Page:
Defect Seen >10 Million Times and Still not Corrected…

I responded to a recent blog post written by Gareth Bowles today and was struck – again – that a defect that must have been seen >10 million times by now has still not been corrected. When anyone responds to a blog post on Blogger.com, the stat counter says “1 comments” instead of correctly stating “1 comment.” What’s up with that?

The clothing company Lands’ End (with the apostrophe erroneously after the s instead of before it) has a bizarre but somewhat logical explanation for why they have printed their grammatical-mistake-laden brand name on millions of pieces of clothing. According to one version of the story I have heard, they printed their first brochures with the typo and couldn’t afford to get it changed. I also remember reading a more detailed explanation in a catalog in the late 80’s to the effect that by the time the company management realized their mistake and tried to get trademark protection on “Land’s End” they discovered that another firm already had trademarked rights to that name. Quick internet searches can’t verify that so perhaps my memory is just playing tricks on me. But I digress. Here’s the defect I wanted to highlight with this post:

For Blogger.com to leave the extra “s” in has me stumped for several reasons. First, this defect has been seen by a ton of people as Blogger.com is, according to Alexa’s site tracking, the world’s 7th most popular site. Second, Blogger.com is owned by Google (among the most competent, quality-oriented IT wizards on the planet) and no trademark protection is preventing the correction. Third, it would seem to be such an easy thing to fix. Fourth, other sites (like wordpress) don’t make the same mistake. Fifth, it doesn’t seem like a “style preference” issue (like spelling traveled with one “L” or two); it seems to me like a pretty clear case of a mistake. It would be a mistake to say “one cars,” “one computers,” or “one pedantic grammarians”; similarly, it is a mistake to say “one comments”. What gives? Anyone have any ideas?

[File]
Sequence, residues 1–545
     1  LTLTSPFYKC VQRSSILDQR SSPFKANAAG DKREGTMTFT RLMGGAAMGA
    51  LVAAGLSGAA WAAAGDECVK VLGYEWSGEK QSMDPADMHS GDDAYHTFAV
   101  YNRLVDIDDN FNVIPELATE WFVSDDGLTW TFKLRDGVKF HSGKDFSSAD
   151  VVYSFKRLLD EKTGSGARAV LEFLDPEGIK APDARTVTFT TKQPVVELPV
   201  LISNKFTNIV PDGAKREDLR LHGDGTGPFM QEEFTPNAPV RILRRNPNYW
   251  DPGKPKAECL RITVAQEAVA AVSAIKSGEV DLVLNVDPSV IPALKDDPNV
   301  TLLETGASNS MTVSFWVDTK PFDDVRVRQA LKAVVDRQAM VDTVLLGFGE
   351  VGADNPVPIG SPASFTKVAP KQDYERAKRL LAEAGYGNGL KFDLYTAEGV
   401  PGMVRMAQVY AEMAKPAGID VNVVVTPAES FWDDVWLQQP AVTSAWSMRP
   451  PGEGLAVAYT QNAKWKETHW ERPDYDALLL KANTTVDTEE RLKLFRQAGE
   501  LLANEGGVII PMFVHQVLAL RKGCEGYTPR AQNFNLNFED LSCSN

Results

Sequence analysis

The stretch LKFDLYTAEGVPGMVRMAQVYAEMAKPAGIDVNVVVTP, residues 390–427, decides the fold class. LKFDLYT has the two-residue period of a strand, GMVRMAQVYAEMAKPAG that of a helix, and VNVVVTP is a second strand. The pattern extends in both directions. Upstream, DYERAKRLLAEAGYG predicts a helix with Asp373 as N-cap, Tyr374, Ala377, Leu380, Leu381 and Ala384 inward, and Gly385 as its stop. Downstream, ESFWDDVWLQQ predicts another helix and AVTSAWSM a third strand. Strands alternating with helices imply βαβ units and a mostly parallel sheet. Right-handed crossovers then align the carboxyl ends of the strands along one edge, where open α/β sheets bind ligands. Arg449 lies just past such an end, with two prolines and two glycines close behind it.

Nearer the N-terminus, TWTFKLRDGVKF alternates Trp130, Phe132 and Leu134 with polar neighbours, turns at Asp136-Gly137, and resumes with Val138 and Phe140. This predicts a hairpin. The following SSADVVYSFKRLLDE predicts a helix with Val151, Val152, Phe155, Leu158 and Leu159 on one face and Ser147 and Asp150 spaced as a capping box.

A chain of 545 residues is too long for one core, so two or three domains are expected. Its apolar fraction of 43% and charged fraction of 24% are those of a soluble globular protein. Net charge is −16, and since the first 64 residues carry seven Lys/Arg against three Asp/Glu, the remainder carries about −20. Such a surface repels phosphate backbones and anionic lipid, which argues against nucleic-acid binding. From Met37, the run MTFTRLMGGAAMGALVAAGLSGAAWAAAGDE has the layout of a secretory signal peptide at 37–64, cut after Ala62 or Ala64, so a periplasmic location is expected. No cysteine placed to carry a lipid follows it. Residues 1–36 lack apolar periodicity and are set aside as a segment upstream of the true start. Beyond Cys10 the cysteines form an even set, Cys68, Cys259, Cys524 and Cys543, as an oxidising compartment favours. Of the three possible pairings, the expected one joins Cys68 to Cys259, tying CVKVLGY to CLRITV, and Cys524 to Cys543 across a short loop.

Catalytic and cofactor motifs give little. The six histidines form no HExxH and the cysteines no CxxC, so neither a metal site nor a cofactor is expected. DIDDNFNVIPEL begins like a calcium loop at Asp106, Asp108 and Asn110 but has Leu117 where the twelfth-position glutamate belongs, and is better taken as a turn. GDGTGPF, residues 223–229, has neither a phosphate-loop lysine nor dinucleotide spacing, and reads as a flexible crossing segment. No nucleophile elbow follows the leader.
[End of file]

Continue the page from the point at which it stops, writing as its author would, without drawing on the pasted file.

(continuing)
For anyone wondering where the “>10 million times” figure came from, it is pure conjecture on my part. If anyone has a reasoned way to refute or confirm it or propose a better estimate, I’m all ears.

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9 thoughts on “Defect Seen >10 Million Times and Still not Corrected…

  1. There’s an alternative explanation to Lands’ End.

    If you’re talking about the end of one land, then “land’s end” would be correct. But if you’re talking about the end of many lands, then “lands’ end” would be correct.

    A similar pattern applies to people’s names. This is Justin’s blog, but I also make replies on James’ blog.

    I agree that the “1 comments” business is a silly problem that capable programmers should be able to fix very quickly, but in order to fix it, they’d have to notice it and recognize it as a threat to Blogger’s image. However, so it seems, we’ve come to expect such mistakes and learned to ignore them. Quality is dead.

    —Michael B.

    • Michael,

      Thanks for your post. I’m flattered that you visit my blog.

      As to the lands’ end point…. While I agree with your grammatical analysis, the historical facts don’t leave much doubt as to the founder’s intent (or founders’ intent; I’m not sure about how many people were in on the decision). 🙂 He / they were trying to name their company after this place with a singular “land” http://en.wikipedia.org/wiki/Land%27s_End